In Gonzales, the cattle business isn’t what it used to be. The once vibrant town square sits eerily silent. The children of ranchers set out to seek their fortune in bigger cities far from home. The city has undergone the unhappy transformation of many Texas towns, but its cattle auction maintains the legacy of Gonzales’s history as a bustling county seat.
In 2014, Joel Fendelman, then a student in the film program at UT Austin, spent several days with the attendees at the weekly Gonzales Livestock Market for his short film, Auction. (Fendelman also directed Man on Fire, a documentary film based on the self-immolation of Charles Moore, which Michael Hall wrote about for Texas Monthly in 2014.) Amid the rapid auctioneering and jeans worn over cowboy boots in Gonzales, the filmmaker captured a small-town tradition that’s fading fast. Watch the film here, and read about what Fendelman learned from the Gonzales auction below.
Texas Monthly: How did you first hear about the cattle auction in Gonzales?
Joel Fendelman: A family friend who was living in Austin told me about these auctions that happened in different parts of Texas. He mentioned this one that he had been to in Gonzales, and it sounded really interesting, like it was from another time, from the 1950s and ’60s and ’70s. It was an hour and a half from Austin, so I drove out there and hung out for the day. That was my first experience. I remember walking in, and some guy was like, “Oh, we’ve got a foreigner here.” It was totally lovely and friendly, but it just set the mood. Clearly I am not from Gonzales, Texas.
TM: Was that soon after you moved to the state?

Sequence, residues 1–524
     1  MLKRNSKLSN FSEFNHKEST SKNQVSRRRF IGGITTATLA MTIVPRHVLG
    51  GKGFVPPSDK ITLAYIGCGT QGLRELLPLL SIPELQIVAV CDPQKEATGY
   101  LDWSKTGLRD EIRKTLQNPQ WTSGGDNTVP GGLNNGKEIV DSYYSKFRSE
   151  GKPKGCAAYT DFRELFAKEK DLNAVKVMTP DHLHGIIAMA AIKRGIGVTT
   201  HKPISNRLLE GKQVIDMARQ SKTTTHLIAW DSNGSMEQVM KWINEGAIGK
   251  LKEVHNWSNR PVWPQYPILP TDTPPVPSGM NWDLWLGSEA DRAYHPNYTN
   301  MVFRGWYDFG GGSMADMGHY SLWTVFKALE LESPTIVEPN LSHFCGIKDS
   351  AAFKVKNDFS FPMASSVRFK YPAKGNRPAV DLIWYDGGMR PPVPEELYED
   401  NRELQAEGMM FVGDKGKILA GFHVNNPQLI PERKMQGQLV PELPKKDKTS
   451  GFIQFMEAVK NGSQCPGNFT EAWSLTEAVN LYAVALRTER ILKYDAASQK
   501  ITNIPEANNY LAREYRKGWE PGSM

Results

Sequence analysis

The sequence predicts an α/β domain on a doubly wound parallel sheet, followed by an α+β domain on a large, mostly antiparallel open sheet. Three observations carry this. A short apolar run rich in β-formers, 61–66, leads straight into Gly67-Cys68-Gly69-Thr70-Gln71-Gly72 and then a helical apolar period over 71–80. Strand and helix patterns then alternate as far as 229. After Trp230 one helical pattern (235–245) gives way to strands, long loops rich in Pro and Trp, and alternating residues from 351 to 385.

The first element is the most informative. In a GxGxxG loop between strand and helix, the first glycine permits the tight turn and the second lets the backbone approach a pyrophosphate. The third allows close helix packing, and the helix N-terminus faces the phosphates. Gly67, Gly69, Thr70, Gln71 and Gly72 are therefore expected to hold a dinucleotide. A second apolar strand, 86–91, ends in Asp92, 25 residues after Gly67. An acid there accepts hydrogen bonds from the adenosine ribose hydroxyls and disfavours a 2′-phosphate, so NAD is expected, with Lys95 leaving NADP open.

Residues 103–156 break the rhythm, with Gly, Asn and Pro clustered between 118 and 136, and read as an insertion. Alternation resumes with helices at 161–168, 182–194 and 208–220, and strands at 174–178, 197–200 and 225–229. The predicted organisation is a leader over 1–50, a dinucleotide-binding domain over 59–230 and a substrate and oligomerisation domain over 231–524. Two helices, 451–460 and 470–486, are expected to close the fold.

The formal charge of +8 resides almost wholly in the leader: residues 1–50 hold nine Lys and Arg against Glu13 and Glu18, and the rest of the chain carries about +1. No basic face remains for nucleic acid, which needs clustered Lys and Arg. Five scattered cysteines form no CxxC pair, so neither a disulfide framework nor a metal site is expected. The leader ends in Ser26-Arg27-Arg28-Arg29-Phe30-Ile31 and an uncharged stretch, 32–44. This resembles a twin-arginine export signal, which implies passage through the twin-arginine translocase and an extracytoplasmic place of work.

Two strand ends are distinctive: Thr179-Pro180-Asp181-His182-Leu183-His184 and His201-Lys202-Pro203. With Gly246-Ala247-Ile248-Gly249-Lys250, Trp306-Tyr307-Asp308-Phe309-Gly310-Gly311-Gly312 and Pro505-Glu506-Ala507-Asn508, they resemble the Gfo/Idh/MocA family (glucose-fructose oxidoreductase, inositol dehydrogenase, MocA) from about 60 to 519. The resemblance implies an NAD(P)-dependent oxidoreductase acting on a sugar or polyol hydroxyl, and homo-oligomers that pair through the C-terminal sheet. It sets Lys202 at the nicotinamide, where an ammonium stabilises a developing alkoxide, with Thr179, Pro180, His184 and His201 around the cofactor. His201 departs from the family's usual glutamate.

JF: I had just been in Texas a couple weeks at that point. I grew up in Miami, spent most of my life in New York City, and came to Austin to get my master’s at the University of Texas in 2014. The first project I did was Auction, as a short film for my documentary class.
TM: What was the auction like, as a newcomer to Texas?
JF: When you get out into East Texas, in some ways it’s kind of desolate. There’s not a lot going on—there are gas stations, there’s lots of dollar general stores. The cattle auction wasn’t on my GPS, so I was going around for an hour looking for where the thing was. I went to a couple wrong locations before I finally pulled into a gas station and asked someone. You walk in and things have not changed since the place opened. There are these beautiful photographs all along the wall that capture the history of the cattle auction at different phases, over the 50 or 60 years it’s been open. The same guy—the head auctioneer—has had it for quite a long time. He smokes a million cigarettes and has this deep, gravelly voice, talking real fast as people make signals that they want to buy that cow. It’s a total scene. I knew lots of people hadn’t experienced that, and since it was interesting to me, I figured it must be interesting to many other foreigners who haven’t seen it.
TM: What were some surprising moments from filming?
JF: There are a couple shots I got where I was able to climb up on top of where the auctioneer is and stand behind him and film. I was really close to the cattle coming in as they [went through the gates]. They were intense. They’re 600 pounds and they’re really powerful. As these bulls and cattle came in making a ruckus, I was a couple feet away at some points. It was surprising to see the intensity these animals have.
TM: You said earlier that before you visited, you imagined the auction was from a different time. Did you walk away from it seeing it that way?
JF: Yeah, I walked away thinking it was a time capsule. I don’t think the cattle auction is going to be there forever. As you spoke to these people, you got the sense that this thing is going on now, but the cattle lands are being bought up. It doesn’t make sense economically for people to raise cattle on these lands—you make less and less. I don’t know how much longer that way of life is going to continue, and you got a sense of that. Everyone at the cattle auction was pretty old, and there wasn’t a younger generation partaking in it.
TM: What did you hope to capture in the film?
JF: I think it was just that. I was hoping to experience this way of life for myself and to capture it so other people can experience it. It’s something that may not be around for that much longer.
This interview has been edited for clarity and length.